This case has prompted the usual claims that the failure of Brisbane’s Airport Link (along with other failed tollway projects like Brisbane’s Clem7 and Sydney’s Lane Cove and Cross City tunnels) proves there are fundamental flaws in the standard way future traffic’s been modelled for the last 50 years. There are legitimate criticisms of all forms of modelling, but in this case the accusation misses the real cause; the way these projects were financed (see Why does yet another toll road look like it might fail?).

Note first that Brisbane transport firm Veitch Lister published independent forecasts for Airport Link and Clem7 that were much closer to the real-life outcome than those that investors relied on. For example, Veitch Lister forecast circa 60,000 vehicles per day post ramp-up. That compares with a claim of 195,000 vehicles per day in the proponent’s Product Disclosure Statement.

So, some inherent defect in the nature of modelling wasn’t the problem. The $89 million in underwriting and associated fees mentioned in the Airport Link Product Disclosure Statement hints at the key explanation. Professor John Goldberg suggests we should look at the way projects are packaged:

The public-private partnership concept has failed in Australia and should serve as a warning to superannuation funds of the high risk of investment in road infrastructure. A common flaw in the failed tolls roads and, notably, Airport Link, is the use of a “work back” philosophy to forecasting traffic numbers…. The promised return on equity to investors is a starting point used to work back to how much revenue must be generated from the expected daily flow of vehicles, which has been inflated to wildly unrealistic targets.

Do innovation clusters work?

From Harvard Business Review:

“Typically governments pick a promising part of their country, ideally one that has a big university nearby, and provide a pot of money that is meant to kick-start entrepreneurship under the guiding hand of benevolent bureaucrats….It has been an abysmal failure….Experts at Insead looked at efforts by the German government to create biotechnology clusters on a par with those found in California and concluded that ‘Germany has essentially wasted $20 billion—and now Singapore is well on its way to doing the same.’”

Barely any of the tech parks built to date in Australia have succeeded in terms of their original justification. They haven’t fostered innovation; they haven’t created links between academic researchers and start-ups; and they haven’t promoted productive partnerships between the firms located within them.

Almost all those claimed as “successes” in Australia are merely business parks. They’ve been successful only in real estate terms – they’ve sold land, attracted tenants and made a profit on the development.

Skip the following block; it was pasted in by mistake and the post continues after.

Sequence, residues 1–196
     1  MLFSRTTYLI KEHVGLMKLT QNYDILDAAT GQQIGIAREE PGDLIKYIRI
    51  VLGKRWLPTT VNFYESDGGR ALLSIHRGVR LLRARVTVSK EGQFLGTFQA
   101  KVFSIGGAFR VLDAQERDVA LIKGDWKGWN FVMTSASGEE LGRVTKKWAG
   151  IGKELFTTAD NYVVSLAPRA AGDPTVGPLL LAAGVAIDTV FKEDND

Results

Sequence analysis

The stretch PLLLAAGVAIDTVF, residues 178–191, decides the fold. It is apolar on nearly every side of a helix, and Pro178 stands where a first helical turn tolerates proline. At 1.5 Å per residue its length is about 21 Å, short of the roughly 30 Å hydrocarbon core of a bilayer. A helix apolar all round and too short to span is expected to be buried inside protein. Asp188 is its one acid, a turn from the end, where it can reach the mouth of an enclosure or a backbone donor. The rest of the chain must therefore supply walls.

In part they fail because the exemplars like Silicon Valley are unique. As explained in any number of books (e.g. Tom Wolfe’s Hooking Up), Silicon Valley grew organically and unselfconsciously in response to special conditions like unprecedented defence spending, a specific stage in the development of semi conductors, a particular collection of research institutions, and more.

The idea that a single small park associated with a single unexceptional university could somehow capture whatever is going on in an expansive region like Silicon Valley should give proponents pause for thought.

It’s also likely that the connections between firms, universities and research institutions in some of the famous districts aren’t as important as is commonly assumed. An alternative explanation is they located in the same place for the same reasons rather than because of each other.

The confluence of industry policy and urban policy – both highly politicised areas – must be a snake-oil seller’s dream!

What seems to matter most for innovation in the technology sector is being in a metropolitan area – the same “labour shed” – rather than paying the high costs of being cheek-by-jowl with each other or with key institutions. Very close proximity like that in the CBD seems to matter a lot for industries like finance, insurance, business services and media, but not for all industries or even most.

What can Sydney’s planners learn from the SSM plebiscite?

From the Sydney Morning Herald:

More than any other area in Australia, the people of western Sydney voted “no”.  Here, where up to three quarters of the population in the electorates of Blaxland and Watson voted against same sex marriage, the cultural clash of marriage equality and the conservative values of immigrant cultures told the story of the polls.

The clustering of majority ‘no’ vote electorates in Western Sydney suggests a couple of possibilities. One is that people increasingly locate with others who share common values; it isn’t just an inner city thing. This could be one of the most important ways cities change in the future (see Are bigger cities less diverse? and Diversity in cities: does it have to be uniform?). The other is that the “three Sydneys” model proposed in the Greater Sydney Commission’s draft plan reinforces this idea of separation. There have to be serious doubts about whether this is a sensible idea for building social cohesion.